In an opening address to the annual event, Sri Lanka’s President Ranil Wickremesinghe underscored the necessity of a comprehensive Hydromet regional network to effectively address climate change-related challenges and support sustainable development.
Reflecting on the urgent need for action, President Wickremesinghe drew attention to the economic repercussions of climate change, citing potential GDP losses of up to 2% in low-income countries. He recounted Sri Lanka’s recent experiences with unexpected rainfall and highlighted the broader regional impacts, including those stemming from the melting of the Himalayas.
The forum, from 6-8 February, is bringing together more than 200 stakeholders to increased regional synergies to improve hydromet and early warning services and build resilience in South Asia.
“Meteorological, hydrological, and climatological events impose a heavy human toll and significant economic losses. Between 1970 and 2021, over 2 million reported deaths and $4.3 trillion in economic losses resulted from weather, climate, and water extremes,” WMO Secretary-General Celeste Saulo said in a video message.
“Developing countries bear the brunt of these losses, both in terms of human lives and economic impact. Recognizing the immense benefits of meteorological information and services, National Meteorological and Hydrological Services play a pivotal role in delivering timely inputs to various sectors,” she said.
Early Warnings for All
Celeste Saulo urged countries in the region to rally behind the Early Warnings for All initiative, co-led by WMO and the UN Office for Disaster Risk Reduction. This strives to ensure that everyone is covered by early warning services by 2027.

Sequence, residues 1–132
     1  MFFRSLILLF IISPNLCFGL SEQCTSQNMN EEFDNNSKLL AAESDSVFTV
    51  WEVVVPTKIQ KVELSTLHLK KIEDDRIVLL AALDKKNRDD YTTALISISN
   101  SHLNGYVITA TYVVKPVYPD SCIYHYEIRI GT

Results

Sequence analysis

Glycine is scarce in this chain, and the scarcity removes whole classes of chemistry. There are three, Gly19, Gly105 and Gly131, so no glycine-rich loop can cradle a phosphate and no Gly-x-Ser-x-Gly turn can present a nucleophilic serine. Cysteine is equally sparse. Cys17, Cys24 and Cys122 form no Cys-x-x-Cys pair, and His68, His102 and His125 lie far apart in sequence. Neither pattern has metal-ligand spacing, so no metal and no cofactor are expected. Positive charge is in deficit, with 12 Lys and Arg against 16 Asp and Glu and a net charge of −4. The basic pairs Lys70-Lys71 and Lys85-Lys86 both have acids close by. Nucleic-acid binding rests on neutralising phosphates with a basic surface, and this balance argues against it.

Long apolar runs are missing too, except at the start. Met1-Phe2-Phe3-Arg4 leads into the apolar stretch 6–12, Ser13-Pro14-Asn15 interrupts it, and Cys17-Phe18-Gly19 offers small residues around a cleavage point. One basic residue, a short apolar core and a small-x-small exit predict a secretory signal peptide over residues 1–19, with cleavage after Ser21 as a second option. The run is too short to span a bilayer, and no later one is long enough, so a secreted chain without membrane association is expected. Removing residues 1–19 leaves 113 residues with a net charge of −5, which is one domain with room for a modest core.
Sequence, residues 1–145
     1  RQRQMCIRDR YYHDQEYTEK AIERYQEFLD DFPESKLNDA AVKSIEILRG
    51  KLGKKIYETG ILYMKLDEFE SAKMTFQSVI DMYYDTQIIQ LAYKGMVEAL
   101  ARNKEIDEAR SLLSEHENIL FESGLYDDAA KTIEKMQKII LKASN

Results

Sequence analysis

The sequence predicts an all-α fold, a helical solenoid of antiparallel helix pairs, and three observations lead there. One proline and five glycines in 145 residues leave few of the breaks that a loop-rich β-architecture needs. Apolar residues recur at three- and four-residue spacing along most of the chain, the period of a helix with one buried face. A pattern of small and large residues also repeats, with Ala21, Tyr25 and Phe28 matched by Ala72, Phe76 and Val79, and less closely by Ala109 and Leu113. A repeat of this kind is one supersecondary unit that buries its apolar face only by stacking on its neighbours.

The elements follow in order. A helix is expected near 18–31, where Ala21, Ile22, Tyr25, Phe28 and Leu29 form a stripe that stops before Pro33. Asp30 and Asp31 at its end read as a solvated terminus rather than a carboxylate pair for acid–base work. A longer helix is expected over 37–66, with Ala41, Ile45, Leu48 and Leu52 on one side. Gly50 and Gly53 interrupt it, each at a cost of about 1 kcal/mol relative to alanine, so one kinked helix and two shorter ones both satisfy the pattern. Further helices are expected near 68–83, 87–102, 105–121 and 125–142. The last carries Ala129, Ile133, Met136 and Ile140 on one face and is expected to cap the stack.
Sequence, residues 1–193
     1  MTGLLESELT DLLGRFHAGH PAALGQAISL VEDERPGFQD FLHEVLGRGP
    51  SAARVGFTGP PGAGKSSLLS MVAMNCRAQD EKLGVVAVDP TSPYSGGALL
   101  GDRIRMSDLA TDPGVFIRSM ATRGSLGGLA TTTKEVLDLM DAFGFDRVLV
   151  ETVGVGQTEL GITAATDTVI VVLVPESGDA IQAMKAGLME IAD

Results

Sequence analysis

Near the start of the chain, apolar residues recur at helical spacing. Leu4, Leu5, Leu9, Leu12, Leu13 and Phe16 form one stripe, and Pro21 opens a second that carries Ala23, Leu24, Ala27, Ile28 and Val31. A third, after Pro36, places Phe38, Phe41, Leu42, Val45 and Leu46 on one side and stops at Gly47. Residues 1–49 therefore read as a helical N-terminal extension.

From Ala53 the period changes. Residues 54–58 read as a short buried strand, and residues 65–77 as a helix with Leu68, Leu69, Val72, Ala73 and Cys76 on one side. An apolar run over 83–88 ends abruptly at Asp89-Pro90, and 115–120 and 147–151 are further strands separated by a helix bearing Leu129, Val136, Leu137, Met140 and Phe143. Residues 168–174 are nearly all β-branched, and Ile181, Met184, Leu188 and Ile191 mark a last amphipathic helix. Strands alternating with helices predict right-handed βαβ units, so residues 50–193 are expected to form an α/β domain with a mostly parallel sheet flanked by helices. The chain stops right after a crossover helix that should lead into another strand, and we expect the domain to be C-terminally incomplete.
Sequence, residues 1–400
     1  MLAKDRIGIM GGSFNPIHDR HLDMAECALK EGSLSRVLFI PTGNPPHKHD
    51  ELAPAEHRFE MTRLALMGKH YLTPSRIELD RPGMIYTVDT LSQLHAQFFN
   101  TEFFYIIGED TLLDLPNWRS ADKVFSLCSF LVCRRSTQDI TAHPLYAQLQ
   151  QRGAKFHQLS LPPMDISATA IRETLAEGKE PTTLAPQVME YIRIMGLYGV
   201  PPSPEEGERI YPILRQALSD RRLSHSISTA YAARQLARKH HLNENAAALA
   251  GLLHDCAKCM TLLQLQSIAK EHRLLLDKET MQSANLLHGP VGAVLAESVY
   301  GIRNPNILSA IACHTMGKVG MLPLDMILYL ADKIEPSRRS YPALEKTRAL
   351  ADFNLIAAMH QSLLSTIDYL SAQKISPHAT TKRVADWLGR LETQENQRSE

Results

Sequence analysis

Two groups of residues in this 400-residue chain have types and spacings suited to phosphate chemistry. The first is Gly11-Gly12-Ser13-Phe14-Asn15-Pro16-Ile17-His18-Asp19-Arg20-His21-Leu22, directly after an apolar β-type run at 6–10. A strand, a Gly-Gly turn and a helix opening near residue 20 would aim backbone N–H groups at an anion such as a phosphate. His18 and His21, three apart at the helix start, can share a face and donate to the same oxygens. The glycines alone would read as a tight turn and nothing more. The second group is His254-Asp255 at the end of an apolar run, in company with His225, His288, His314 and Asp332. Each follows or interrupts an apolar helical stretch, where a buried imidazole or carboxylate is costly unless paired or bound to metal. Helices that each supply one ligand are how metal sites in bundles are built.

She welcomed the strong support from partners in the region for WMO's vision of a resilient world by 2030 and praised the commitment from the World Bank's Global Facility for Disaster Reduction and Recovery, evident through the South Asia Hydromet Forum and related regional programs.
As the proverb wisely states, "If you want to go fast, go alone; if you want to go far, go together." Through collaborative efforts, I am confident that we will achieve lasting progress,” she said.
To date, three conferences have been held to bring key stakeholders together and discuss ways to deepen collaboration. The meeting in Colombo brings together representatives from hydrometeorological, early warning and climate service providers, as well as user sectors, development agencies, regional and global research institutions, and academia.
The conference is a collaborative effort between the World Bank, the United Kingdom Met Office, the Regional Integrated Multi-hazard and Early Warning System and WMO, with financing from the UK Foreign, Commonwealth and Development Office.
Find out more about the South Asia Hydromet Forum